Faisca

RE: The Fastest Way (for me) to Build Stan's Circuit and to Create a WFC kit
« Reply #45, on June 20th, 2012, 09:21 AM »
Quote from Amsy on June 20th, 2012, 08:42 AM
Hi,

I uploaded the schematic of my circuit, which I was able to produce 1,5kV.

Maybe this will say more than words :D
Sorry, but you could Kv 1.5 in the cell with water?
Or is this a simulation where the reference cell, is using a capacitor?
If this test is real, and if you saw High Voltage, I guarantee that no HHO. You know why? Because, surely there was no potential difference at the poles of the cell. I did this test, with almost 5 Kv (could light a fluorescent lamp, only to bring one of the poles).
Tap water, there is no dielectric, and the behavior of the cell is not equal to a capacitor.
My two cents.
RE: The Fastest Way (for me) to Build Stan's Circuit and to Create a WFC kit
« Reply #46, on June 20th, 2012, 10:22 AM »
Quote from Faisca on June 19th, 2012, 03:42 PM
Ok Amsy, the diagram is the picture, very simple and very unstable. But served to test the concept. You can see that the 555's own driver. that is so poor that they could not always in tune. To get this result, the source was limited in current to 170mA.
To answer your question: Yes, the cell always connected, and producing gas "HHO". And yes, there is resonance, see the first image, where the pulse is 15V. (Above) and the current reaches 800mA. (below) and it starts small and increases until the maximum supported by the 555.
I want to repeat the test, this time with PLL, a power FET and a source much larger and insulated for this experiment. (show picture of the setup)
Important note: in the fourth image (yellow trace) as the source evolves naturally (I did not do this).
The result is very similar to Meyer, what do you think?

I mean no offense Don, I think he did the best.
In your case you can reach a resonace frequency, because your diode is not blocking the oscillation of the current between C and L.
In St. M. original VIC the diode would block any current coming  from the WFC. So as he always claimed, that the WFC cannot discharge. But in a ordinary resonant circuit, the C has to discharge periodicaly.

Yes your curve diagramm is looking like Meyers. But my experience is, that resonance in a resonance circuit looks like a sine wave, not like peaks. You can actually try this by, using a real capacity and L without a diode.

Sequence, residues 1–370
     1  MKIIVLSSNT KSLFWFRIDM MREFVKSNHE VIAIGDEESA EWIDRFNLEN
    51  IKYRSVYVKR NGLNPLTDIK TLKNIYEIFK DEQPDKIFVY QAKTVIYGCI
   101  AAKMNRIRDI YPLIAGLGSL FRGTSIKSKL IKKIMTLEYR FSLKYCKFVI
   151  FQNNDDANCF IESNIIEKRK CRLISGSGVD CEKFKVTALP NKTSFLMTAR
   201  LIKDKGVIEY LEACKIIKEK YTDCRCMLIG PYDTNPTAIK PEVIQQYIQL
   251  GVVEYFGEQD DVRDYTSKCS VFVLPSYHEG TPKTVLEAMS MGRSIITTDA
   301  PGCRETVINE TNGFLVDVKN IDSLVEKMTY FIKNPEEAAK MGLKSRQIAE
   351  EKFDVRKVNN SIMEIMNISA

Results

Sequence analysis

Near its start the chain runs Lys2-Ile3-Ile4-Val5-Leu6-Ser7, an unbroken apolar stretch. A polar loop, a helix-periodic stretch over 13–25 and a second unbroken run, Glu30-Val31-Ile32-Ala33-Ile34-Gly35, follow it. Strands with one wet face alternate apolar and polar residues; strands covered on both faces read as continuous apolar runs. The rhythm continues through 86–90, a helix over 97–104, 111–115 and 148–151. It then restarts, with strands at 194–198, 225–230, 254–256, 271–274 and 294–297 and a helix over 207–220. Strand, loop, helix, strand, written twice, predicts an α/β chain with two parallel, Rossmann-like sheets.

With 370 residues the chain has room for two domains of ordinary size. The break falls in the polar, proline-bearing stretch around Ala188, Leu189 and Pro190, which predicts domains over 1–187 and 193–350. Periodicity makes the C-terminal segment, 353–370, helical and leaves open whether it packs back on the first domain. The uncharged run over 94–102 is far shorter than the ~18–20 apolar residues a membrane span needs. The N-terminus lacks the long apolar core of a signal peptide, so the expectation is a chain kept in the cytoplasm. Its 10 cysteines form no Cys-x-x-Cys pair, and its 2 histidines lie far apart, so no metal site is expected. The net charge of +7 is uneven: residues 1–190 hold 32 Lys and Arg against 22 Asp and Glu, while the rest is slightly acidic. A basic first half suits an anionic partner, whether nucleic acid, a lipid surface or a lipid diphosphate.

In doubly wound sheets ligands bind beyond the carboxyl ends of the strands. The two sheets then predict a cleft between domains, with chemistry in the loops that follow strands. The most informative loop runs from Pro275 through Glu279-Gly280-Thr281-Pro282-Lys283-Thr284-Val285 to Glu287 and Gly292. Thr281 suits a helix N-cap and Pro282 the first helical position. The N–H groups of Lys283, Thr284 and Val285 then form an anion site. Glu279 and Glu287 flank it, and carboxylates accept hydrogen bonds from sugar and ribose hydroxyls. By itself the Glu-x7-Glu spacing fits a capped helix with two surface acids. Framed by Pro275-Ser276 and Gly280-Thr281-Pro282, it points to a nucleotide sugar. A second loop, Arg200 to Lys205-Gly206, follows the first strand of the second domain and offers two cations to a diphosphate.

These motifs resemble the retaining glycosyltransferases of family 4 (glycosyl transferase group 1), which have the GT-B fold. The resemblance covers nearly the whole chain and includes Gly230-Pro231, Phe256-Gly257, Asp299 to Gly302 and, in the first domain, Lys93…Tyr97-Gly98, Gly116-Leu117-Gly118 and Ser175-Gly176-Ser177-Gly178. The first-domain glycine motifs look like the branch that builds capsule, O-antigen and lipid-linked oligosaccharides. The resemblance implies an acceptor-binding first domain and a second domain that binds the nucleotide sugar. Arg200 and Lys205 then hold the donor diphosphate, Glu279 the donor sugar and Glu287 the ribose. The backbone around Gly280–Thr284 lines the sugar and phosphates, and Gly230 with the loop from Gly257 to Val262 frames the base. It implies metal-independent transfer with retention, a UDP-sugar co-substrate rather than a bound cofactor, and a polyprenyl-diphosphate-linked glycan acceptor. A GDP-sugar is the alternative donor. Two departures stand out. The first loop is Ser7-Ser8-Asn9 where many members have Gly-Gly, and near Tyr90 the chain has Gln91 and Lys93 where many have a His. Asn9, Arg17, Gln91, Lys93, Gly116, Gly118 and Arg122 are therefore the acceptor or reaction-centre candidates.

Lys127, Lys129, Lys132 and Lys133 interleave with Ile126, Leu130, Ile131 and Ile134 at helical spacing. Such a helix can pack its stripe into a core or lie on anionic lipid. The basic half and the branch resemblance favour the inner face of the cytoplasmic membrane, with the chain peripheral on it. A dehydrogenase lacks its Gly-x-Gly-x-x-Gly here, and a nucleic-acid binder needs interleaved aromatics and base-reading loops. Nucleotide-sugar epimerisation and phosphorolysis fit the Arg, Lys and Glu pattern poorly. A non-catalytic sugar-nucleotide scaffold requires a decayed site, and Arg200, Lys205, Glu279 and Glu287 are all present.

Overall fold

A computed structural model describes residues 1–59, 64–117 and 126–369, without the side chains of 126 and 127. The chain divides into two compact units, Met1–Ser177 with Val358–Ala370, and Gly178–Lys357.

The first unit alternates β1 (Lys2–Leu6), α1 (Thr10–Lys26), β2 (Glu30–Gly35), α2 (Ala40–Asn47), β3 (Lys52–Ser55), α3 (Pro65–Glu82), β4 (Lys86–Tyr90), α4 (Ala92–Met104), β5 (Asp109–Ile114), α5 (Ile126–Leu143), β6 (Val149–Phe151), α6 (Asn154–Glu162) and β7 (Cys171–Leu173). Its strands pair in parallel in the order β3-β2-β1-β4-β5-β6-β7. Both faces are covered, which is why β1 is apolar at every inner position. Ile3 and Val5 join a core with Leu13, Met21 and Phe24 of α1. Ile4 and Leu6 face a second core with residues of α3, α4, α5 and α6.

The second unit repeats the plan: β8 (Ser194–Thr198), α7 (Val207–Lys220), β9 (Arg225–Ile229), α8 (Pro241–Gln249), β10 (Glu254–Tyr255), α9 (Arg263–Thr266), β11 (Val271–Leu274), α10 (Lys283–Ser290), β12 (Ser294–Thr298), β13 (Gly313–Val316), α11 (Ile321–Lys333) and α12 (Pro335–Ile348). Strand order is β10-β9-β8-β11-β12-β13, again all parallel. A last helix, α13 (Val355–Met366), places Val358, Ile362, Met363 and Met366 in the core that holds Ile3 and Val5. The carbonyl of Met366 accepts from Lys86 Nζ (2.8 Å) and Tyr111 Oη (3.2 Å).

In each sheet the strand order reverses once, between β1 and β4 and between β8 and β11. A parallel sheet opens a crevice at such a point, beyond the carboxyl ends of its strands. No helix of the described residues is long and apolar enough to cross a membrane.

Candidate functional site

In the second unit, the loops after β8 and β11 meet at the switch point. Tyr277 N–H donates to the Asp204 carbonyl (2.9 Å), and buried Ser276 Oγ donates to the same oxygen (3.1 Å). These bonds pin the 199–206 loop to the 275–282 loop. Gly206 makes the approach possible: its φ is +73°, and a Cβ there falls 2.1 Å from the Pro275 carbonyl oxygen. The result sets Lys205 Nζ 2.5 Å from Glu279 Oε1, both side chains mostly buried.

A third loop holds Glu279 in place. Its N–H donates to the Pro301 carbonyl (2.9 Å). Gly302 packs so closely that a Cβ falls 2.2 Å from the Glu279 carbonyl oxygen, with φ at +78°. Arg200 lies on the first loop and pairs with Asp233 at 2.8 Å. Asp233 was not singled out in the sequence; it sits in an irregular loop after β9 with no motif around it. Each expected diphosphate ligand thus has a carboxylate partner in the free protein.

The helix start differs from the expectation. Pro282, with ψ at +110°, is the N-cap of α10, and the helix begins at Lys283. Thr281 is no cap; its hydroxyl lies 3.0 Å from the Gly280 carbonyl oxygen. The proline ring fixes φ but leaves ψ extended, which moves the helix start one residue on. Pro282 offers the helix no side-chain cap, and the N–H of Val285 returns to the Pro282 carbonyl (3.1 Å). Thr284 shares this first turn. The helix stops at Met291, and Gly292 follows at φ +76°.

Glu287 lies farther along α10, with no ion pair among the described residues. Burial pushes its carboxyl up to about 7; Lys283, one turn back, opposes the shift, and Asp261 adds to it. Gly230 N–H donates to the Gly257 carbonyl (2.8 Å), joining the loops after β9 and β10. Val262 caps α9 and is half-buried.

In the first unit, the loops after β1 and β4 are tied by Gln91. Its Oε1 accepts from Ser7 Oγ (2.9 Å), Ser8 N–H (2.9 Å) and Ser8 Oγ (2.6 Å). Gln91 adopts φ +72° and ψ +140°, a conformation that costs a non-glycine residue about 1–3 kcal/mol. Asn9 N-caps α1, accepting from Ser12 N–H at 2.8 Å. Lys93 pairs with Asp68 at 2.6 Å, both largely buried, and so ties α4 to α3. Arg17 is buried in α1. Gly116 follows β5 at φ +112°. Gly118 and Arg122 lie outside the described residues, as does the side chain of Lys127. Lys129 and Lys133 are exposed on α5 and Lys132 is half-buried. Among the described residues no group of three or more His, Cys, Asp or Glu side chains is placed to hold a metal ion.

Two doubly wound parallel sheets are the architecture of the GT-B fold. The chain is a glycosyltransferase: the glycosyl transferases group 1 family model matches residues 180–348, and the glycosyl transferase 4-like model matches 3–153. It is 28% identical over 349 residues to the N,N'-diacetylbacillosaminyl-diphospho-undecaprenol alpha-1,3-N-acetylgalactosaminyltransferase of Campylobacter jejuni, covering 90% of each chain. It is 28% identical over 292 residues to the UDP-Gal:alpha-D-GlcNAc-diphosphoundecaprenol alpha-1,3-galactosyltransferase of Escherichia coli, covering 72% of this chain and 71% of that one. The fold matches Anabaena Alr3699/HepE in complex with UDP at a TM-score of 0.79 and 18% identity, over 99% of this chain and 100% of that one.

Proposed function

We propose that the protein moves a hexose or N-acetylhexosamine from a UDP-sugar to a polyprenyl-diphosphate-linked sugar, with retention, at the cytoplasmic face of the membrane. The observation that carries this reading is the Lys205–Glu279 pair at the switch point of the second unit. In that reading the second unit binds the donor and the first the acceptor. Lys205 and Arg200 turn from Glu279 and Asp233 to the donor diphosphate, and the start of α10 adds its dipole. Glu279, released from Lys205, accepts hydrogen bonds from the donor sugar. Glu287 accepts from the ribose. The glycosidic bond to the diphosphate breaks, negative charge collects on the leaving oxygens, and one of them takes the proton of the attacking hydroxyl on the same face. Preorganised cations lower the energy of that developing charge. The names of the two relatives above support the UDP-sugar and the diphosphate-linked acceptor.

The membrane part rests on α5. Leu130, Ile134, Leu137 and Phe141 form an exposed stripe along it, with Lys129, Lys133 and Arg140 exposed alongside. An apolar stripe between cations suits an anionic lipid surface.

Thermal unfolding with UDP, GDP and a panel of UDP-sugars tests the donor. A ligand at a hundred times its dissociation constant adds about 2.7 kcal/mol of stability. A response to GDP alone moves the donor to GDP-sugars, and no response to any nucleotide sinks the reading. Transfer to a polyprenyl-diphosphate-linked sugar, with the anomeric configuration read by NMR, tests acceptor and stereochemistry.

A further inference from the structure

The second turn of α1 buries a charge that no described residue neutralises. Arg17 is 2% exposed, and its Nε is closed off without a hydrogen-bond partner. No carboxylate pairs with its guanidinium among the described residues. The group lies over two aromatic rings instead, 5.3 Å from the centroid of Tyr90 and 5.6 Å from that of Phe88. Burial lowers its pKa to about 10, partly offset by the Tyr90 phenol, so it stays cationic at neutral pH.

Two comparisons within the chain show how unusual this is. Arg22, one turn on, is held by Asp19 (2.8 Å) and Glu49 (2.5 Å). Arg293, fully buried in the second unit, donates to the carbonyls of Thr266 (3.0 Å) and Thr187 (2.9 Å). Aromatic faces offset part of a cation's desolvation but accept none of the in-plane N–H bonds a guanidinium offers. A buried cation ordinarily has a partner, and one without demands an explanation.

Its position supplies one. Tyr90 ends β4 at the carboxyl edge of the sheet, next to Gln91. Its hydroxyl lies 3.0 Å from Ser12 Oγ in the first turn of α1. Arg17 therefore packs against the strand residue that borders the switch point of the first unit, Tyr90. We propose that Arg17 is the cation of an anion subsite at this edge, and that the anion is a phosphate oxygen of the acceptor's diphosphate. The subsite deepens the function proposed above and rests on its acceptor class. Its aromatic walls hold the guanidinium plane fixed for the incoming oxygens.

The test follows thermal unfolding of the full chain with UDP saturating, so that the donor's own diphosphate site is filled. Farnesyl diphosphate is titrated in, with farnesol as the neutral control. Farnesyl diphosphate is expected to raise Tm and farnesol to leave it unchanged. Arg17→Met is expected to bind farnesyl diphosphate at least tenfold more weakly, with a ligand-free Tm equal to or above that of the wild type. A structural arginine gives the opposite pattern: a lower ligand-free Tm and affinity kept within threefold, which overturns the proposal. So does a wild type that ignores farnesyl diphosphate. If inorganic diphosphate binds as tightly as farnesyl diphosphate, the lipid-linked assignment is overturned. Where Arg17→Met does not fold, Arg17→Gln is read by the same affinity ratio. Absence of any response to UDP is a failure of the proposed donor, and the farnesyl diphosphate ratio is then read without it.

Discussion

"Resonante state" which Meyer said, can be only achieved with high voltages (kV).
Because ionising water needs that voltages, like ionising air also needs high voltages.

You can try to inhibit the amperage flow and to prevent electrolyses, by using a larger coil or a second one on the other side of the WFC. You also can use higher frequencys, then the coil will generate more resistance (XL=2*pi*f*L).

My experience was also, that a little bit of electrolyses can break down the voltage to a minimum. So preventing electrolyses is the primary aim imho, because that needs large energy amounts.[/quote]You do this by insisting that literally says Meyer.
And so far nobody succeeded. For there is much misinformation.
The resonance I attained, is between the inductor L, C own inductor (parasitic) and R (NTC) of the cell. The diode is there, and is to ensure unipolar pulses.
To test the resonance of this association (L + cells): the peak load has to coincide with the end of the square pulse (shifted 90 °).

If you look at my essay, the pulses on the cell, reached peaks of 8V. and minimum of 2.5 V. Not reached the highest value, because the source was 17W. was the driver and own 555. (Yes, it is still electrolysis).
Perhaps this is the way: very sharp power pulses and resonance. In my example, pulses of 8V. x 1A. = 8W instantaneous, but in the mean = 0.7 W (discounting the losses in 555).
I think that's what Meyer explored since the beginning. Only at the end he speaks of high voltage and milliamp.
Think about it.

Amsy